Kitsune Udon is one of the ultimate Japanese comfort dishes. Thick udon noodles served in a delicious umami packed dashi broth, topped with a sweet and flavourful twice-fried tofu pouch we call "aburaage". This is a classic dish that you can enjoy down to the very last slurp!
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What is Kitsune Udon?
Kitsune udon is a noodle soup dish. Thick chewy udon noodles are served in a savory dashi broth and then topped with seasoned aburaage (fried tofu), kamaboko (fish cake) and spring onion. It's one of the most popular udon dishes in Japan and one of the ultimate comfort dishes.
Although it varies from region to region, the aburaage used here is first boiled in hot water to remove its oil and then seasoned with sugar, soy sauce, and mirin.
It is available not only hot, but also cold and in hot pots.
History of Kitsune Udon
The history of Kitsune Udon is actually unclear in spite of it's popularity. Some theories suggest that the dish was already formed during Edo period (1600-1868) but the others suggest it only emerged during Meiji period (1868-1912)
Nonetheless, the one who named this dish of udon and aburaage was believed to be Usami Yotaro (宇佐美 要太郎) from a restaurant called "Usamitei Matsubaya" (うさみ亭松葉屋) in Osaka during mid-Meiji era.
Indeed, kitsune (狐) means fox in Japanese. While the origin of the name is not certain, there are some interesting theories about where its' name came from.
- In Japanese folklore, a fox's favourite food is twice fried tofu (aburaage).
- The colour of aburaage is similar to a foxes' fur (we often say to cook food until "fox colour" - golden/brown/orange).
- The shape of aburaage looks like the shape of a fox crouching down.
They are all interesting! Which theory do you like?
Classic but still favourite
While this is an extremely simple dish, it is still all time favourite comfort food in Japan. It's not only served at udon restaurants, but "instant kitsune udon" is also available!
The most well known brands of instant kitsune udon are Maruchan's Akai Kitsune and Nissin Donbei Kitsune Udon (affiliate links). You can find either in pretty much any supermarket or convenience store in Japan.
FYI, Maruchan's kitsune udon has red packaging while green is Midori no Tanuki Soba (another classic noodle dish.)
To make things unnecessarily confusing, Donbei's kitsune udon has green packaging while the red one is Tempura soba. Be careful not to mix them up! (You can buy an assortment of Donbei kitsune udon and tempura soba on Amazon.)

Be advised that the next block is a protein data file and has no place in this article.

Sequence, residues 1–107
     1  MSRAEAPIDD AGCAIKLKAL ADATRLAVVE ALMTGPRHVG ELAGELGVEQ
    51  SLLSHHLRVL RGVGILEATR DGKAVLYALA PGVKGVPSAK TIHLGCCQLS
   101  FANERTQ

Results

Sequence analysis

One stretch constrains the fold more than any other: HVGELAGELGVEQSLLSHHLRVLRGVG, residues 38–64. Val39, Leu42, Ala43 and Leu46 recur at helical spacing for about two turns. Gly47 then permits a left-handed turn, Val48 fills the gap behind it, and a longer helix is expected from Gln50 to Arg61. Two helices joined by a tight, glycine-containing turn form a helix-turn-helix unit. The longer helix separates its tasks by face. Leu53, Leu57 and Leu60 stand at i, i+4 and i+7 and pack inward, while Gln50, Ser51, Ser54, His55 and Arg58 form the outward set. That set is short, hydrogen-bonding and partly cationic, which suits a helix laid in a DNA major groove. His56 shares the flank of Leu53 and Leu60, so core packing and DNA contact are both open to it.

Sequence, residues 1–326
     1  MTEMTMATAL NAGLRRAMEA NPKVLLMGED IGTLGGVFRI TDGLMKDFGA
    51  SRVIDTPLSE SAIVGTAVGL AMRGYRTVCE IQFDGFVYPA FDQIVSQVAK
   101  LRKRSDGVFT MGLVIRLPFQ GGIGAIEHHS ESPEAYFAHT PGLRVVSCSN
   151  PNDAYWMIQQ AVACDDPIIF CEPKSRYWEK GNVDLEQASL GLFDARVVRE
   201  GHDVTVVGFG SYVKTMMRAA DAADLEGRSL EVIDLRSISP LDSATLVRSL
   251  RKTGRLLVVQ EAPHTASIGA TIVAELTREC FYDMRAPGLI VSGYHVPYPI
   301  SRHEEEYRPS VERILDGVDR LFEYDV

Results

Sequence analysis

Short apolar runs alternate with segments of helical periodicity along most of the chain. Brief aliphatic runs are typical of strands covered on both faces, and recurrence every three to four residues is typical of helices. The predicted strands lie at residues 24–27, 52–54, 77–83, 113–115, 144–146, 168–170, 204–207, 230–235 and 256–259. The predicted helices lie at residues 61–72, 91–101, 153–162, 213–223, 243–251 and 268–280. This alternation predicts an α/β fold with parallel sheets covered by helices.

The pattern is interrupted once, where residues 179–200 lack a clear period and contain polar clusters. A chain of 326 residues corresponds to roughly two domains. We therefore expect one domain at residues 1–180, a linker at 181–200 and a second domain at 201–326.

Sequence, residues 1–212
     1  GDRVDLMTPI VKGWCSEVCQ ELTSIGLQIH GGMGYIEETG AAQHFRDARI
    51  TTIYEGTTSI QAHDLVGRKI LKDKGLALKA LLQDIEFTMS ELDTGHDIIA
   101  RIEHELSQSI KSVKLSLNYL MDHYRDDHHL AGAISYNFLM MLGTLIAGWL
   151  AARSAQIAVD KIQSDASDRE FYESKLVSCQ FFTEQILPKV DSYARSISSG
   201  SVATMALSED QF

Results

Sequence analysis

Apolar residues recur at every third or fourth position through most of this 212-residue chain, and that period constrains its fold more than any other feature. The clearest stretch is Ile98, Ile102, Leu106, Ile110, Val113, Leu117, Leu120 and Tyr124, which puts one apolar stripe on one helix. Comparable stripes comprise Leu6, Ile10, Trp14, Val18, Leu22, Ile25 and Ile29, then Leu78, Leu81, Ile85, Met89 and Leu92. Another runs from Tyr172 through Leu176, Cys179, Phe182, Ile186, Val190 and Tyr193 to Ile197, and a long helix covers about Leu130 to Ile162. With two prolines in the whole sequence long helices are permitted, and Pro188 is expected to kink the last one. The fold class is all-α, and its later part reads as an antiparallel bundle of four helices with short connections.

Tips for making the best Kitsune Aburaage
The most complex part of this recipe is how to flavour the aburaage (fried tofu) especially for kitsune udon. To make it easier, here are some tips!
Drain off the oil by boiling it in hot water
Aburaage is a kind of tofu that is deep fried twice. When you buy it (or make it from scratch) it is quite oily, so it is recommended to drain the oil off by boiling it in hot water before flavouring it. It not only makes the sauce stick better to aburaage, but also the aburaage becomes extra soft.
3 minutes is enough time to remove the oil, but after that, make sure to wash it under cold running water then squeeze it dry too!
Add salt to the hot water for extra cleaning
When you clean the aburaage in the hot water, adding approximately 1 tsp of salt can help extra oil drain off.
You might wonder if it makes the kitsune aburaage too salty, but we will wash them in cold water at the end and this removes the salt. This method doesn't make it salty, don't worry!
Use a "Otoshibuta" Drop Lid
In this recipe, I use an "otoshibuta" (落し蓋) or Japanese drop lid. This is a tool we use to help distribute the heat evenly around the food and to stop large bubbles from forming and prevent delicate ingredients from breaking.
You can buy drop lids made from made from wood, stainless steal and silicone on Amazon (affiliate links) but to be honest, if you don't use a drop lid that often you can make it from baking paper or foil. You can learn more about otoshibuta and how to make it on my "How to make Otoshibuta" post (includes pictures/video).
Rest it in the fridge
It's not essential, but resting the kitsune aburaage in the fridge after it's been cooked in the sauce will greatly improve the flavour! If you have enough time, I definitely recommend putting them in fridge for a few hours or even overnight.
Kitsune Udon Broth
Kitsune udon is always served in a light dashi broth. There's a number of ways to make dashi, but for the best flavour, I strongly recommend making your own dashi from scratch. It doesn't take long and it helps you create restaurant quality kitsune udon.
If you want to save time, you can alternatively use "dashi bags" or "mentsuyu sauce" to make your udon soup. These are shortcut methods and you can purchase them on amazon. To learn more about how to use these to make udon soup, check out my Kake Udon Recipe for more information.
There are a number of theories but the most popular ones are:
• Aburaage (deep fried tofu) is a foxes favourite food in Japanese folklore
• Aburaage is the color of a fox
• Aburaage is a similar shape to a fox
Kitsune udon is topped with deep fried tofu, no foxes are harmed in the making of kitsune udon!
Udon broth is made from Japanese dashi stock, soy sauce and mirin.
I'd say that kitsune udon is tastier than other udon dishes because the broth is flavoured by the seasoned tofu. It's a bit sweet too.
Because the dashi broth contains katsuobushi (bonito flakes) and niboshi (dried sardines), it's not suitable for vegetarians. It usually has kamaboko or narutomaki as well, both are types of Japanese fishcake. If you omit the fishcake and make a vegetarian/vegan dashi then you can easily make kitsune udon into a meat and fish-free dish.
Yes, some people eat it cold. Especially in summer.